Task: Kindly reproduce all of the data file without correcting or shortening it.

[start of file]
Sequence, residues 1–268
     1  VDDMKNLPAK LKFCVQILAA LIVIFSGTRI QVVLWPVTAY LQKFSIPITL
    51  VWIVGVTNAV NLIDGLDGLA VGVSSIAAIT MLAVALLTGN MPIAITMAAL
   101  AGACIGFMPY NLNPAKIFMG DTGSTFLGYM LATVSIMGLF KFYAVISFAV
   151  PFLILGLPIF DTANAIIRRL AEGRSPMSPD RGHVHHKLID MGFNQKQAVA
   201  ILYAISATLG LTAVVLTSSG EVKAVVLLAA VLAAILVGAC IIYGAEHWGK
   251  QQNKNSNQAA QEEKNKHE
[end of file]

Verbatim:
Sequence, residues 1–268
     1  VDDMKNLPAK LKFCVQILAA LIVIFSGTRI QVVLWPVTAY LQKFSIPITL
    51  VWIVGVTNAV NLIDGLDGLA VGVSSIAAIT MLAVALLTGN MPIAITMAAL
   101  AGACIGFMPY NLNPAKIFMG DTGSTFLGYM LATVSIMGLF KFYAVISFAV
   151  PFLILGLPIF DTANAIIRRL AEGRSPMSPD RGHVHHKLID MGFNQKQAVA
   201  ILYAISATLG LTAVVLTSSG EVKAVVLLAA VLAAILVGAC IIYGAEHWGK
   251  QQNKNSNQAA QEEKNKHE